AS PREPARED FOR DELIVERY
Tuesday, January 29, 2013
CONTACT OFFICE OF PUBLIC AFFAIRS
Deputy Secretary of Commerce Rebecca Blank
Remarks at Workforce Skills Development at German Ambassador's Residence
Thank you, Ambassador Ammon. It’s exciting to hear about the Skills Initiative, and I look forward to finding ways to work together to advance this agenda. Good evening, everyone. It’s a pleasure to be here with a group that is committed to strengthening U.S.-German business relations and building even stronger connections between our peoples.
It’s clear that the U.S. and Germany are growing together as economic allies.
- The two-way trade of goods between the U.S. and Germany appears to have hit a new record in 2012
- Both nations are experiencing relatively stable economic growth that is expected to continue this year and accelerate in 2014
- And every day, hundreds of thousands of Americans wake up and go to work in German companies – and the reverse is also true.
I’ve said many times that the long-term competitiveness of the U.S. economy will depend upon two primary factors–a skilled workforce and our ability to stay on the cutting edge of innovation and invention.The same is true for Germany. So it’s appropriate for us to discuss how the German model for skills training could help strengthen our workforce here in the U.S.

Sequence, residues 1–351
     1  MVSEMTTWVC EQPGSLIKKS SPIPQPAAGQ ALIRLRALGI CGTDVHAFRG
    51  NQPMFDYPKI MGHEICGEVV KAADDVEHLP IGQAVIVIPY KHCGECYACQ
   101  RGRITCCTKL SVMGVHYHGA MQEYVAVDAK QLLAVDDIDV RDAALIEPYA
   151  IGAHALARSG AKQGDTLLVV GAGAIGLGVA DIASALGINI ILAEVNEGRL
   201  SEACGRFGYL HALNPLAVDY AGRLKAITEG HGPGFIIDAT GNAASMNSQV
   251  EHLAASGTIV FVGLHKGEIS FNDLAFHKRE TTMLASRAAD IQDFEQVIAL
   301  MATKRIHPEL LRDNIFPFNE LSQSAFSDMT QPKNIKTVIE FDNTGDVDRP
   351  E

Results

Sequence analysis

As an economist, when I talk about the role that the Federal government should play in the U.S. economy, I often highlight the crucial role of “public goods.”
Education and training are classic public goods that help ensure a vibrant and powerful workforce.
Education helps not only the worker who receives those skills, but the broader society benefits from having a deeper pool of talented and skilled citizens.
For this reason, education must be (at least in part) the responsibility of the public sector. But at the same time, educational models–particularly for post-high-school students – should be built in close partnership with the private sector which will hire these students and graduates.
The U.S. has led the world in its investments in education. In the early 1800s, we were the first nation to create free and public elementary schools. A century later, we led the world in building free and universally-available high schools.